Friday, December 27, 2013

Behind the Scenes

Depending on when you play your round at Laurel Creek, you may seldom see any of the dedicated staff who tend the grounds.  In an effort to minimize disruption to you, they arrive in the dark day in and day out, and are often stealth-like in their approach to carrying out their assignments.

At this time of year, we show our appreciation for their efforts with our annual kielbasa cookout.  This year's weather forced the festivities to be moved indoors, but everyone had a great time, and nobody left hungry!

So the next time you catch a glimpse of the folks who are typically working behind the scenes, please take a second to thank them for the work they do--it will certainly be appreciated.
Some of the crew enjoying a Holiday feast.

Friday, December 20, 2013

A Christmas Cart Conundrum

Christmas has yet to arrive, and we've already experienced four snow events this December, and some bone-chilling temperatures.  Warmer weather this weekend is certainly welcome, however there is some concern for the turf during these freeze-thaw cycles. 

In the past three weeks, we've received the equivalent of three inches of rain, so the frozen soil is holding a great deal of moisture.  The trouble can occur as things begin to warm up, since the first area to thaw out is at the surface.  With frozen ground below, the water near the surface can't percolate into the frozen ground beneath.  As seen in the picture, as the snow melts, water often just runs across the surface.

What happens if golf carts are allowed on these areas too soon?  The turf may experience shearing of the roots from mechanical injury, as if a sod cutter had been used on it. 
So please understand that if carts aren't permitted at times during the winter, we're not trying to be Grinch-like.  To the contrary--we're protecting the course for the long run, so you will have the in-season conditions you want. 

Friday, December 13, 2013

Planning Time

We are often asked, "What do you do in the winter?"  Typically, there are a number of outdoor projects which we undertake this time of year, including drainage, bunker work, sodding, pruning, and even  replacing bridge decking.

However, one of the most important winter projects we tackle takes place indoors.  This is the detailed operational planning for the upcoming year.  We will review prior years' procedures, look at what worked well, areas that need improvement, and make adjustments going forward.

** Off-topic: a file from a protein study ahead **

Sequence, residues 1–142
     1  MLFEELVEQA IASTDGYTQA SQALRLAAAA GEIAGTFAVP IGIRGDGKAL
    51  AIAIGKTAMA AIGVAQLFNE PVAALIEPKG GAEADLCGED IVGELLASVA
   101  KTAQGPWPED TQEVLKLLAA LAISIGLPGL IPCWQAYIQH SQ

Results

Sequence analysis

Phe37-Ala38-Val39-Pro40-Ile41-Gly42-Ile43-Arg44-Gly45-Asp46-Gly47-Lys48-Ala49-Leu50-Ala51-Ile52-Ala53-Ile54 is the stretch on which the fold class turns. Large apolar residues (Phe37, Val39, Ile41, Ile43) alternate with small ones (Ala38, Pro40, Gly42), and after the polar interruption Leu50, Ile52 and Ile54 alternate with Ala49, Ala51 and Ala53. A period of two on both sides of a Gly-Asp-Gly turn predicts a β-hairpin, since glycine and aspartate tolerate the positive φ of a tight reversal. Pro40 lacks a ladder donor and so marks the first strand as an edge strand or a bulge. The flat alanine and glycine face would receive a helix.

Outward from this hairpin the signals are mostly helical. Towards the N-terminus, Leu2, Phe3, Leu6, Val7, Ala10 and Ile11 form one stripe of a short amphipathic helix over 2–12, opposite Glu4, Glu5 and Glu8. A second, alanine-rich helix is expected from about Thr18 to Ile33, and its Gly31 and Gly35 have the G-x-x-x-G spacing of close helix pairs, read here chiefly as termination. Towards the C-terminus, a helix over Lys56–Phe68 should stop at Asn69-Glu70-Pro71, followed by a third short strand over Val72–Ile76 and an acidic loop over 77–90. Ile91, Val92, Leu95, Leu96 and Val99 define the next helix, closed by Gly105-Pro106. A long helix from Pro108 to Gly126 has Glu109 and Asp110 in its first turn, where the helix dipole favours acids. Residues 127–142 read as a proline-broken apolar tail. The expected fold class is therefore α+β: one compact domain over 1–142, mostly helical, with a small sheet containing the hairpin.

One of the best sources of information we have for planning, comes from attending turf conferences such as the New Jersey Green Expo, which was held this week.  University researchers from as far away as North Carolina, Michigan, and Rhode Island presented information to attendees this year.  Some of the topics they covered included management of Fine Fescue areas, Bacterial Wilt on putting greens, and control options for the Annual Bluegrass Weevil.

Having the opportunity to discuss these important subjects with the experts, as well as other golf course managers, often provides some of the key new tips, tricks, and techniques which we will incorporate into our operation next year. 
Endophytes in Fine Fescues--exciting stuff for some of us!

Friday, December 6, 2013

Getting a Jump on 2014

While the grass is not requiring much mowing right now, there are still a number of important jobs that are taking place to care for the golf course turf.  One of these is the application of the pre-emergent herbicide for 2014.  That’s right, we are applying material now that will control weeds such as crabgrass and goosegrass next summer.

Traditionally, this application would be made in the spring, prior to crabgrass germination.  However, when springtime arrives, it often feels as if we have 1,000 tasks that all must be done at the same time.  The herbicide we use for crab and goosegrass control needs to be applied to all areas of the course except the greens.  This is quite a time-consuming job, as we use both a tractor-mounted spreader and several hand spreaders.
So, what’s the advantage of making this application in late fall, instead of waiting until the spring?  With cooler temperatures now, and less traffic on the course, we can focus on carefully applying this material.  And, we can check this big job off our “to do” list next spring—which means we’ll only have 999 things left to take care of!